Also a style of architecture
utilizing said stone, or similar architecture using other stone, and the resulting buildings.
Brownstones were the popular form of upper middle class housing built in America from the 1840s through around 1900. They usually featured rows of elegant, mostly identical stone row houses, sometimes featuring imposing porches, fancy staircases, and elaborate Victorian interiors. Often brownstone developments had rear courtyards and gardens. Brownstone developments were usually built all at once or block by block by major developers on previously undeveloped land, much like today's suburban subdivisions, although in a more beautiful and much less environmentally destructive and tacky way.
Brownstone architecture dominated the upper middle class development of the era in cities like Manhattan, Brooklyn, Philadelphia, and Boston, which still have many neighborhoods of them, and can also be seen to varying extents in Washington, Cincinnati, and other cities which were wealthy and expanding in the era. Often more downscale developments were built to resemble brownstone districts in many ways, but can be distinguished becuase brownstones have the tell tale signs of being built for single family habitiation.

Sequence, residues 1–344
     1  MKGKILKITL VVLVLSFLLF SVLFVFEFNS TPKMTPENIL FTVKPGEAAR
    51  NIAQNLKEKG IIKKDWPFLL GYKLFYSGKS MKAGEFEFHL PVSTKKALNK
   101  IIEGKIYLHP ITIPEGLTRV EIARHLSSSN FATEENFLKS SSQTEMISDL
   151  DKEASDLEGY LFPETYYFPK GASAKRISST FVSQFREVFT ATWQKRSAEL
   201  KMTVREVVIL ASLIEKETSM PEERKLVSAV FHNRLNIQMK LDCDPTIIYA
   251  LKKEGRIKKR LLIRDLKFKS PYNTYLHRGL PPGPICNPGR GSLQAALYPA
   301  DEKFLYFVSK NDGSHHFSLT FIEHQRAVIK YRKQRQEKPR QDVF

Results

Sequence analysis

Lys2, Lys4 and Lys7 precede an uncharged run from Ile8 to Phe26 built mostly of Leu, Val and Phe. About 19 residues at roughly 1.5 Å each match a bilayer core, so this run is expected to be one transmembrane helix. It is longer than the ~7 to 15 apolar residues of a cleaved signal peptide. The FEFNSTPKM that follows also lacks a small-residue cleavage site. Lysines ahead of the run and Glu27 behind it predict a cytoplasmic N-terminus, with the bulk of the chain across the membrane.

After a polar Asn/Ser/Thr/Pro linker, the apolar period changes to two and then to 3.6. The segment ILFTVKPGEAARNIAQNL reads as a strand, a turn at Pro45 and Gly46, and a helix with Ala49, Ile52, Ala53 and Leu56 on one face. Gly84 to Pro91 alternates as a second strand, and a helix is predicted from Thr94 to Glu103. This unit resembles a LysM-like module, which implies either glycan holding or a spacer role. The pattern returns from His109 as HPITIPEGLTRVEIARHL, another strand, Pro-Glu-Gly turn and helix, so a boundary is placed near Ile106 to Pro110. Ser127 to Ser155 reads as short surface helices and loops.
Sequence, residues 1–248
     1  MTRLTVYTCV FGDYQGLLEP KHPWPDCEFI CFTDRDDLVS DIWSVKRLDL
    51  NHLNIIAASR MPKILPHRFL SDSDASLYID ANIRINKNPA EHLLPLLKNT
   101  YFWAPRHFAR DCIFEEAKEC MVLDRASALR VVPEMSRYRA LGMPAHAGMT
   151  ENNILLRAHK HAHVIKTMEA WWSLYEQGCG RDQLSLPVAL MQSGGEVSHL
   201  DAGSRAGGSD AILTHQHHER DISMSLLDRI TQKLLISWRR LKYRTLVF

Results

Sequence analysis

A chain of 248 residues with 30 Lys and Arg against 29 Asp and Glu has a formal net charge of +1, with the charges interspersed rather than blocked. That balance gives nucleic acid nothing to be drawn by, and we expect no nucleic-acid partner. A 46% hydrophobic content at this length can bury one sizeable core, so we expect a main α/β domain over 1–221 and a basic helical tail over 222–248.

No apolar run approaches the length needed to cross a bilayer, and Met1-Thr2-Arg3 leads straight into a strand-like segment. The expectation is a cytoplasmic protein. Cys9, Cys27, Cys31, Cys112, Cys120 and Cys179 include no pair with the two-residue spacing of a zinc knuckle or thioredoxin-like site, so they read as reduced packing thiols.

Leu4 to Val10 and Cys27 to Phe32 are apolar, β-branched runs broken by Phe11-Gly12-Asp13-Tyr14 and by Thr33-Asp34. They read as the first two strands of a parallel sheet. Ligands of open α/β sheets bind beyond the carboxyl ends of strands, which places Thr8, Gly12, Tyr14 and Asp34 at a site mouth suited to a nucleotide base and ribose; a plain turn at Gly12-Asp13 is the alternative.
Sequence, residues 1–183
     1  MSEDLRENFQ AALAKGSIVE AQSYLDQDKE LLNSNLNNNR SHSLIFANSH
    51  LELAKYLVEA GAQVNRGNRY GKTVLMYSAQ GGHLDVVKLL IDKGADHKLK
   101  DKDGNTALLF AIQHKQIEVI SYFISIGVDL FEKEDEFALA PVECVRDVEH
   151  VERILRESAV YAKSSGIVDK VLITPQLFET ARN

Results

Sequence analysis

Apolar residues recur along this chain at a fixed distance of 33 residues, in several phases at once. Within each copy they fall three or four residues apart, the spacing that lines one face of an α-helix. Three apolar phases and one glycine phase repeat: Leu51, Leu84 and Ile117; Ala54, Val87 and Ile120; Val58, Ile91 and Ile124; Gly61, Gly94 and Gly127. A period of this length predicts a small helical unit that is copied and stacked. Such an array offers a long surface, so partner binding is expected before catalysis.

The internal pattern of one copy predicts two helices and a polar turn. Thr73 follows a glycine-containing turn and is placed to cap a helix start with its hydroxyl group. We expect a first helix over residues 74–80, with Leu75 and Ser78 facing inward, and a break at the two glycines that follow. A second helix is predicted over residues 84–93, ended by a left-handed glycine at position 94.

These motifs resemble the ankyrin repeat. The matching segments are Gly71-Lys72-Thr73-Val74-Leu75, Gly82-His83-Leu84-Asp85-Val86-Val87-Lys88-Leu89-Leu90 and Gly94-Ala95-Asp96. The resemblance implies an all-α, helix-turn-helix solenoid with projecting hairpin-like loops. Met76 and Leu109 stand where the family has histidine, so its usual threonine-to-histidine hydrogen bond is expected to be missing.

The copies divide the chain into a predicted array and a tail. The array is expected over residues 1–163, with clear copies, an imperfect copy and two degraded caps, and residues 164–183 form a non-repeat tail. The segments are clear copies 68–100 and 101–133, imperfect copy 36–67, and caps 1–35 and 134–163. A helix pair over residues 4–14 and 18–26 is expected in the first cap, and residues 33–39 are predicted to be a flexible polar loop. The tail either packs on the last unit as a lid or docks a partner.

After 1900, the rise of the private automobile made longer commutes and unwalkable neighborhoods possible for the upper middle class, and suburban development changed. Now homes could be spaced out with lawns, and located farther from city centers and away from public transportation. The era of brownstone development was thus over.
Brownstone neighborhoods are beautiful and functional, and although urban decay and the schemes of highway planners have destroyed many of them, others remain and are beautiful, inspiring, and coveted districts. The largest swath of Brownstone neighborhoods is in Brooklyn, where the 'Brownstone Belt' of neighborhoods fans out for many square miles from downtown Brooklyn, and deserves its own node. In Manhattan, Greenwich Village took shape in the 1840s as a brownstone district, where many still stand today west of Sixth Avenue and north of Washington Square Park between Fifth and Sixth Avenues. The next generation of Manhattan brownstone development was in the 1880s and 1890s, and took place in Harlem, at that time a suburban neighborhood.